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A Test of Life-Course Explanations for Stability and Change in Antisocial Behavior from Adolescence to Young Adulthood

Citation

Simons, Ronald L.; Stewart, Eric; Gordon, Leslie C.; Conger, Rand D.; & Elder, Glen H., Jr. (2002). A Test of Life-Course Explanations for Stability and Change in Antisocial Behavior from Adolescence to Young Adulthood. Criminology, 40(2), 401-34.

Abstract

Using longitudinal data from a sample of 236 young adults and their romantic partners, we tested a life‐course model that integrates social control and peer influence arguments with the idea of assortative mating. For both males and females, adolescent delinquency and affiliation with deviant peers predicted having an antisocial romantic partner as a young adult. Involvement with an antisocial romantic partner, in turn, had both a direct effect on crime as well as indirect influence through adult peer affiliations. For females, quality of the romantic relationship also predicted crime. The analyses revealed several moderating influences in addition to these mediating effects. For females, a conventional romantic partner, strong job attachment, and conventional adult friends all served to moderate the chances that a woman with a delinquent history would graduate to adult crime. In contrast, only conventional adult friends served this function for males.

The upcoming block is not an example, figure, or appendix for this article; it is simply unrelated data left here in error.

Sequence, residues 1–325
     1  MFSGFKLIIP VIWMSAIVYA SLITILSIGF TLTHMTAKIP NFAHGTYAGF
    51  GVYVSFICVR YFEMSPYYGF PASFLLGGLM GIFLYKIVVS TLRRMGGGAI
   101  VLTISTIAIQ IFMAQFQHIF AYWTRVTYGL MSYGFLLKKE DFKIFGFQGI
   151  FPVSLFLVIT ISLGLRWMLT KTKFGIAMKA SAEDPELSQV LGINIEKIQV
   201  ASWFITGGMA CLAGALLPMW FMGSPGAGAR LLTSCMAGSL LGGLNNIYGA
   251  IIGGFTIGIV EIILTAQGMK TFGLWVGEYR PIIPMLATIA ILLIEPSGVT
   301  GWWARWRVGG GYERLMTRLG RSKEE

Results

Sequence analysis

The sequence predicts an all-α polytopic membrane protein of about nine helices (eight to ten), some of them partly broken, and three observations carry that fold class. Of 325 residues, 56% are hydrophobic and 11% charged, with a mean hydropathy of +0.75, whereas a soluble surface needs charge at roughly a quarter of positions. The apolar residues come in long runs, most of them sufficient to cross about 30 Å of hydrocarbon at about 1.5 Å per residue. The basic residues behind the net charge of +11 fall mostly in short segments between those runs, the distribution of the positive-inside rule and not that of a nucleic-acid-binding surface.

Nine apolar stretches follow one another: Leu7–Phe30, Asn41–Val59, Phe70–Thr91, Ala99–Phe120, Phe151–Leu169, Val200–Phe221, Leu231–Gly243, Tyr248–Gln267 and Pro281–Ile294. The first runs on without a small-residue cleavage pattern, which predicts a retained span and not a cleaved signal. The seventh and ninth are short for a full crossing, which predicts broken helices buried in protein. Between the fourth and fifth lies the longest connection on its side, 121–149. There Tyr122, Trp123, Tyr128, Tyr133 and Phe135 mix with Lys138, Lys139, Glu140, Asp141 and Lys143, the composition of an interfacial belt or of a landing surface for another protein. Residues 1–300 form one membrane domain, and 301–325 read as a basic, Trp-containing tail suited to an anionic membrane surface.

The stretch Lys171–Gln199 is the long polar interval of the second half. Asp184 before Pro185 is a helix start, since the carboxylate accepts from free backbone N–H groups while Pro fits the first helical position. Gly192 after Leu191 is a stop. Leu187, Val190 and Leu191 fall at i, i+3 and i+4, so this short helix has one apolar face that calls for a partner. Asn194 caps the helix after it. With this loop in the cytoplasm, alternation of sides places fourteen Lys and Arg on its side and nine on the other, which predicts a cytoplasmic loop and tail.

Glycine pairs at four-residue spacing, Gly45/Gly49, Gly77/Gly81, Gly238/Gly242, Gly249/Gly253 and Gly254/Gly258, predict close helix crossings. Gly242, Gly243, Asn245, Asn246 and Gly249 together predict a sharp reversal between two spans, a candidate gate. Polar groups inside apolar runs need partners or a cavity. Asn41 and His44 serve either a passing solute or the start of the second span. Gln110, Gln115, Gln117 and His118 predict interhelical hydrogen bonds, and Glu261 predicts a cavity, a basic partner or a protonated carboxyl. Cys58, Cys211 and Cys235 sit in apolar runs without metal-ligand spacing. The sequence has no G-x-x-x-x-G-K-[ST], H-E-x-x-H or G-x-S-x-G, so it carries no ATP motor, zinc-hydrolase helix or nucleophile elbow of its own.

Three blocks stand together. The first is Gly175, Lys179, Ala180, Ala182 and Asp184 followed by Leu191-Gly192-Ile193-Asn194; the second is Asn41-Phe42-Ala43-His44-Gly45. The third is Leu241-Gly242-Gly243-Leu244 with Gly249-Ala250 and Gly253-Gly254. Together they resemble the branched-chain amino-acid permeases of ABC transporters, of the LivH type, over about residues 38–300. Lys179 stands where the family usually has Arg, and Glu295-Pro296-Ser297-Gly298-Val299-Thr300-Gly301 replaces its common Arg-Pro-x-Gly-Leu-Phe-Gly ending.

URL

https://doi.org/10.1111/j.1745-9125.2002.tb00961.x

Reference Type

Journal Article

Journal Title

Criminology

Author(s)

Simons, Ronald L.
Stewart, Eric
Gordon, Leslie C.
Conger, Rand D.
Elder, Glen H., Jr.

Year Published

2002

Volume Number

40

Issue Number

2

Pages

401-34

Reference ID

1861